How must it have felt to be Prince in August 1984, in the Olympian position of simultaneously having the Number 1 single, album and movie in America? According to the man himself, terrifying. “We looked around and I knew we were lost,” he recalled. “There was no place to go but down.” He was right about that. We remember him as one of the titans of ’80s pop but Purple Rain’s chart trifecta was unrepeatable. In commercial terms he stumbled as often as he soared, and people weren’t inclined to give this aloof, fruity genius an easy ride. He has courted audiences rarely and reluctantly, seeming to believe that success should be as inevitable as a chemical reaction in which talent and perseverance naturally produce sales and acclaim.
You could never say he doesn’t put the hours in. Since his debut album, 1978’s For You, only seven years have gone by without a new Prince record, and that’s not counting the armada of bootlegs laden with unreleased songs and live performances. At his peak he was so prolific that he could consign potential hits to B-sides (17 Days, Shockadelica) or gift them to other people (Manic Monday, Nothing Compares 2 U). Nor did he repeat himself. While his first two albums advertised a merely proficient student of funk and disco, he proceeded to forge his own unique language of pop, using anything from jazz to house music to new wave to psychedelia to mutant genres that still don’t have names. In his ’80s pomp he behaved as if the usual rules simply didn’t apply.
There were times he was forced to concede that they did: the night he was booed offstage by Rolling Stones fans for playing his opening set in a trenchcoat and black underwear; the ridicule dumped on his Jazz Age comedy Under The Cherry Moon. But when the gambles paid off everyone heard about it. Who would have banked on avant-garde Freudian funk storming the charts before When Doves Cry made it so? Who else could sack his entire band and then assemble black music’s answer to The White Album (that would be Sign O’ The Times) almost single-handed?
The hits are idiosyncratic enough but once past them you enter a labyrinth of outlandish ideas and one-off experiments. Songs don’t do what they’re meant to: basslines vaporise, his voice warps into new personae, sleaze mingles with spirituality and utmost sincerity vies with goofy humour (people forget how funny he is). Maybe he feels that if he can’t keep people wondering, on some level, what the hell he’s up to then it wouldn’t be any fun.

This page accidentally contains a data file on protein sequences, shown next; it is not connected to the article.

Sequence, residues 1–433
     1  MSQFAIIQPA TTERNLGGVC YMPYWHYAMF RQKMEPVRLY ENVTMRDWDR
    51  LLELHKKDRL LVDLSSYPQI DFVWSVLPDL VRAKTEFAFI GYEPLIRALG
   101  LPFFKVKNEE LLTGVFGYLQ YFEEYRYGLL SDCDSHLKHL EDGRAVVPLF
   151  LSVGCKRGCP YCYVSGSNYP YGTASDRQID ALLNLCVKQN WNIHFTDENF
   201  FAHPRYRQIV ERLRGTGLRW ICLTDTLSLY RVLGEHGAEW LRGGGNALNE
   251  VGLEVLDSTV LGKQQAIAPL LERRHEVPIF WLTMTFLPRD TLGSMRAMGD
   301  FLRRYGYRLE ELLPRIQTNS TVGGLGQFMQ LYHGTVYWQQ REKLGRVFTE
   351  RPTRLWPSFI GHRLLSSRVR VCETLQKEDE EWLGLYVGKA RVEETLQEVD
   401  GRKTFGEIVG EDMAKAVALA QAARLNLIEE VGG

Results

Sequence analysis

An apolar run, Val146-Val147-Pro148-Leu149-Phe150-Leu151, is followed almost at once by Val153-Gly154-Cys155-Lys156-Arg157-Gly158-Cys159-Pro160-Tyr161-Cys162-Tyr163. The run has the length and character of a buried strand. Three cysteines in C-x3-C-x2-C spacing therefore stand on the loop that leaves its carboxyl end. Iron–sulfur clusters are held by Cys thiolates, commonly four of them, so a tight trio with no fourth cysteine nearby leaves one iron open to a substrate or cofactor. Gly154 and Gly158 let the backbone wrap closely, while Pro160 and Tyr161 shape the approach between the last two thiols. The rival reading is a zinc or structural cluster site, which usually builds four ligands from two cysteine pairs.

In the ’90s, when his lopsided war with the industry led Jay Leno to label him “the artist who formerly sold albums”, his creativity didn’t so much desert him as overwhelm him. There are wonderful moments on every album; it’s just hard work digging them out. But while Prince’s back catalogue has no consistent sound it does have a unifying philosophy. It has all stemmed from the same maddening, intoxicating self-belief.
When Purple Rain was at its imperial heights, Prince provoked a media backlash by going for a Mexican meal instead of joining pop’s legends at the recording of We Are The World. The decision epitomised his sense of wilful apartness. His name is Prince, and he doesn’t care what you think. Dorian Lynskey @Dorianlynskey
1. I Feel For You (PRINCE, 1979) This giddy disco romp feels lightweight only compared to what came next and it later worked wonders for Chaka Khan.
2. Head DIRTY (MIND, 1980) Prince unleashes his libido on this outrageously filthy tale of deflowering a bride on her big day.
3. Something In The Water (Does Not Compute) 1999, 1982 Clattery, agitated synth-funk mirrors Prince’s bafflement over a woman who doesn’t want to sleep with him.
4. Erotic City (LET’S GO CRAZY B-SIDE, 1984) A breezy dancefloor come-on featuring protégée Sheila E. Listeners can decide whether he really wants to “funk” till dawn.
5. She’s Always In My Hair (PAISLEY PARK B-SIDE, 1985) A whimsical acid-rock love song from his utopian Around The World In A Day phase.
6. Mountains (PARADE, 1986) Co-written with Wendy and Lisa, a love-will-save-us Biblical allegory with horns fit to level the walls of Jericho.
7. The Ballad Of Dorothy Parker (SIGN O’ THE TIMES, 1987) Why Dorothy Parker? Why does the track sound like its drink’s been spiked? What exactly is going on? A mesmerising enigma.
8. Joy In Repetition (GRAFFITI BRIDGE, 1990) An hallucinatory late-night tale of sex and music, climaxing in one of his most eloquent guitar solos.
9. Loose! (COME, 1994) A shame this screamingly aggro rave smackdown was squandered on a flop album. Like Prince reimagined by The Prodigy.
10. Black Sweat 3121, 2006 Stripped down to a tight groove, Prince restates his relevance like a boxer returning to the ring. “I got a job to do.” Indeed.
Nominate your own Prince favourites in the comments below.